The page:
More broadly, Americans are in need of economic relief and greater spending flexibility. Removing tariffs on even a subset of ICT products would put as much as $3.2 billion back in the pockets of American consumers, and broad tariff elimination would help businesses at a time when cash flows are strained and new operating procedures in the face of COVID-19 demand increased liquidity. The strain extends to supply chains, where more than ever firms depend on the ability to obtain products and components as nimbly and flexibly as possible. Ensuring that businesses retain the ability to secure those goods – wherever they may be most readily available – is essential to providing that flexibility. To further enable a comprehensive response effort and to provide businesses across all industries with the necessary flexibility to address the challenges presented by COVID-19, we encourage President Trump to defer collection of all tariffs, including those imposed under Section 301 authority.

Trade facilitation, including through tariff alleviation, is crucial as essential operations like hospitals struggle to obtain equipment and as supply chains around the world are challenged by restrictions of movement on workers and shipments. Unfortunately, many global governments have taken steps that impede the flow medical equipment and products, despite G7 and G20 leaders’ commitments to coordinate fiscal and trade policies to limit supply chain disruptions and ensure delivery of vital goods and services. Instead of export restrictions, import quotas, and procurement limitations, we encourage the Trump Administration to focus on expediting and prioritizing trade for critical items while coordinating with other governments worldwide to manage risk and simplify processes where possible.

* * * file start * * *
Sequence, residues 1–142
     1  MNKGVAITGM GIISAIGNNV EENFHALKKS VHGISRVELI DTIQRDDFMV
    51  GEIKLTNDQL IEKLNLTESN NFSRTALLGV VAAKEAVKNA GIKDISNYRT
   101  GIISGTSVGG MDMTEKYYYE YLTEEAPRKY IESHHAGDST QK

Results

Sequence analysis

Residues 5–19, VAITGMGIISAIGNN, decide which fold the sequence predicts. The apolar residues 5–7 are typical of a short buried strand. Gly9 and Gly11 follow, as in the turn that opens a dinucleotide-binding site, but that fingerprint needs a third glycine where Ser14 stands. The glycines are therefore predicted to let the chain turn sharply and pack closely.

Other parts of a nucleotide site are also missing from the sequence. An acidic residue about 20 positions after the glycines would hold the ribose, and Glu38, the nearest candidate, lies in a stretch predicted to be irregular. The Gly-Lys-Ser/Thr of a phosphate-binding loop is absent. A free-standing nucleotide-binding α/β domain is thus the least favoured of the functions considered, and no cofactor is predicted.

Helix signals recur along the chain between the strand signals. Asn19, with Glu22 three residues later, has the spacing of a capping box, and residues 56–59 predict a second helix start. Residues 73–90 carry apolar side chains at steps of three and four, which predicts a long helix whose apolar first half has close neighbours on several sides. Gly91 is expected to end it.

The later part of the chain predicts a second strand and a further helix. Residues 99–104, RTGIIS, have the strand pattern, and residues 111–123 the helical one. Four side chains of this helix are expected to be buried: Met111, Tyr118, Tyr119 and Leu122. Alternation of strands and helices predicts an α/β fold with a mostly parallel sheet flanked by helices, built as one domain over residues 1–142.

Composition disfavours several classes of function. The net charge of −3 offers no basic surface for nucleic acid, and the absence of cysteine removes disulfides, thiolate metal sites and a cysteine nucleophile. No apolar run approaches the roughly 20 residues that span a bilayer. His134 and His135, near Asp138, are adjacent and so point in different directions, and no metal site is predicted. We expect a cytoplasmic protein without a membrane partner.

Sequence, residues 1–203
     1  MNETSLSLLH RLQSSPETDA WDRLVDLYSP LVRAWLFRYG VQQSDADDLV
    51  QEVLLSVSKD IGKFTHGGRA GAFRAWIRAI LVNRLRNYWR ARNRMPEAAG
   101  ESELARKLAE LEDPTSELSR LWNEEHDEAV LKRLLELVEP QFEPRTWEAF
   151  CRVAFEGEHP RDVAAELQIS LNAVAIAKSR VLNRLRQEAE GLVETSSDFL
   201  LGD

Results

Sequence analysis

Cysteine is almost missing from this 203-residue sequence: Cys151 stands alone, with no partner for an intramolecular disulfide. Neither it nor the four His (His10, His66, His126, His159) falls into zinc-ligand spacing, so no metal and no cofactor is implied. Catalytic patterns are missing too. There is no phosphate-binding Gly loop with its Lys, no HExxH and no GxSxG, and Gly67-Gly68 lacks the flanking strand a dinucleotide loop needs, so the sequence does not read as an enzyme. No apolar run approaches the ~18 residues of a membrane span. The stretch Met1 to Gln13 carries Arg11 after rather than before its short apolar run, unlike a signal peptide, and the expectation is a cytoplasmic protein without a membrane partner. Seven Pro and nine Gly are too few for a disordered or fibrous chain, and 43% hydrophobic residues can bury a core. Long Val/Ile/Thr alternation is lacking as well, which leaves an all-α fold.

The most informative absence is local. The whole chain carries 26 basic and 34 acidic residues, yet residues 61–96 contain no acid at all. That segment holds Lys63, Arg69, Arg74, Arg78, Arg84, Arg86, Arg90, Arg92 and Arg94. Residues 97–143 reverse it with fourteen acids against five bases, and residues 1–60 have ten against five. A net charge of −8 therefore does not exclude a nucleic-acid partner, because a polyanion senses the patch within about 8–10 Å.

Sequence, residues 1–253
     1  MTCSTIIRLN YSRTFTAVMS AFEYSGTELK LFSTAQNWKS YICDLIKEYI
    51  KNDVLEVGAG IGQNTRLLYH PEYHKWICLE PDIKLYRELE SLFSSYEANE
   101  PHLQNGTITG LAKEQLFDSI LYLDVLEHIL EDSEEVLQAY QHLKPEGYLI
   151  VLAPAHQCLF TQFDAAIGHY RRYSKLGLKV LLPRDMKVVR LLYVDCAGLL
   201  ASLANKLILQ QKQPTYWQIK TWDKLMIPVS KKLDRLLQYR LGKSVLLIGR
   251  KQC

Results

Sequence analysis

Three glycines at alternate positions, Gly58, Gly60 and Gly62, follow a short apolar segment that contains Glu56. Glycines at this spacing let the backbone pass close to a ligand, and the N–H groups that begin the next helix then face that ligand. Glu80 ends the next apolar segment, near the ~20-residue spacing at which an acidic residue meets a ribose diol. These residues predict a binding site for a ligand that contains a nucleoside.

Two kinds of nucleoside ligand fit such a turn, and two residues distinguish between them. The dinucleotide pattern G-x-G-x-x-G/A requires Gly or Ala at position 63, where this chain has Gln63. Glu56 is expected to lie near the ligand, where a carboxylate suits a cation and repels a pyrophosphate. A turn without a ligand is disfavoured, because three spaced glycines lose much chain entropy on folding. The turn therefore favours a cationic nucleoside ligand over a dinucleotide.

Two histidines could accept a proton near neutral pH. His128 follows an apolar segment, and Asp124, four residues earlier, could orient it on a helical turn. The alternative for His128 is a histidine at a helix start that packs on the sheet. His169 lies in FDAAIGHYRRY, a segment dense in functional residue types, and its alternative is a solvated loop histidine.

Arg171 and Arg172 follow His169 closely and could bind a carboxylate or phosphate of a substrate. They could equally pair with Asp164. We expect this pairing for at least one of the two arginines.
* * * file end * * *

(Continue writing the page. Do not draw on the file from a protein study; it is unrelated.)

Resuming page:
Coordination within and among governments is necessary to preserve the health of our communities and lessen long-term economic harms. While this global crisis undoubtedly tests healthcare systems, it also enables the use of economic and trade tools to mitigate negative outcomes. Existing trade policy tools can help get supplies where they need to go in the short-term and establish best practices and processes for open markets and supply chain continuity in the long-term.

The tech sector is committed to marshaling our collective resources to support public health and economic stability as the world braces for the continued impact of the COVID-19 pandemic. We respectfully urge the Trump Administration not to overlook or underestimate available policy tools in the toolkit, including tariff reductions and supply chain access, as an important piece of the whole-of-economy response to the current public health crisis.

Public Policy Tags: Trade & Investment, Coronavirus Response